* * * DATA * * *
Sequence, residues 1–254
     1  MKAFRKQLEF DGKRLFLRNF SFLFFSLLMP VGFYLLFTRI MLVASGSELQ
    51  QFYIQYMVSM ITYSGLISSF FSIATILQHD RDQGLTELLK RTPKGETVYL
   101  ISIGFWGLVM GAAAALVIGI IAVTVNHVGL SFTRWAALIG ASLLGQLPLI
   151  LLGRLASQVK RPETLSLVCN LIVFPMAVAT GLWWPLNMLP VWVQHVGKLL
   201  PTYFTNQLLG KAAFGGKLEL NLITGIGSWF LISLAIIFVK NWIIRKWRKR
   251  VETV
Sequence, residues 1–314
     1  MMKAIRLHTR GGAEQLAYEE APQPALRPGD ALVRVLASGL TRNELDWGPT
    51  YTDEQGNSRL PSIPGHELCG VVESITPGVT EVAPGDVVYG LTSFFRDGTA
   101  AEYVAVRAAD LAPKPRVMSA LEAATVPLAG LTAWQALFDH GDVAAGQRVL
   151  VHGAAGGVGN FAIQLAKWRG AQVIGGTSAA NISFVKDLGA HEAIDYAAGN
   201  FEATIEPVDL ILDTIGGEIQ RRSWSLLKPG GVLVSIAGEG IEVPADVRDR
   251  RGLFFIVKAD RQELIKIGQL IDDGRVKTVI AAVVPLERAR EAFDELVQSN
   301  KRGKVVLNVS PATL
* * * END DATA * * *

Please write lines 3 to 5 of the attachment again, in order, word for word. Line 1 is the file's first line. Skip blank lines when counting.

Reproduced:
    51  QFYIQYMVSM ITYSGLISSF FSIATILQHD RDQGLTELLK RTPKGETVYL
   101  ISIGFWGLVM GAAAALVIGI IAVTVNHVGL SFTRWAALIG ASLLGQLPLI
   151  LLGRLASQVK RPETLSLVCN LIVFPMAVAT GLWWPLNMLP VWVQHVGKLL